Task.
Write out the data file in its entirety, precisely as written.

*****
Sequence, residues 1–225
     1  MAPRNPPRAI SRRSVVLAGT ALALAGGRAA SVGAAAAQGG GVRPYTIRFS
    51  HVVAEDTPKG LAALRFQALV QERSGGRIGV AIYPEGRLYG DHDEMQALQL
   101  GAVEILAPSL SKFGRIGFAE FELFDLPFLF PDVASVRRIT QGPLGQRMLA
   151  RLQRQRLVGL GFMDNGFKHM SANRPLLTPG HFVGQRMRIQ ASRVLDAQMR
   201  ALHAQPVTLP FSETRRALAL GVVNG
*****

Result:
Sequence, residues 1–225
     1  MAPRNPPRAI SRRSVVLAGT ALALAGGRAA SVGAAAAQGG GVRPYTIRFS
    51  HVVAEDTPKG LAALRFQALV QERSGGRIGV AIYPEGRLYG DHDEMQALQL
   101  GAVEILAPSL SKFGRIGFAE FELFDLPFLF PDVASVRRIT QGPLGQRMLA
   151  RLQRQRLVGL GFMDNGFKHM SANRPLLTPG HFVGQRMRIQ ASRVLDAQMR
   201  ALHAQPVTLP FSETRRALAL GVVNG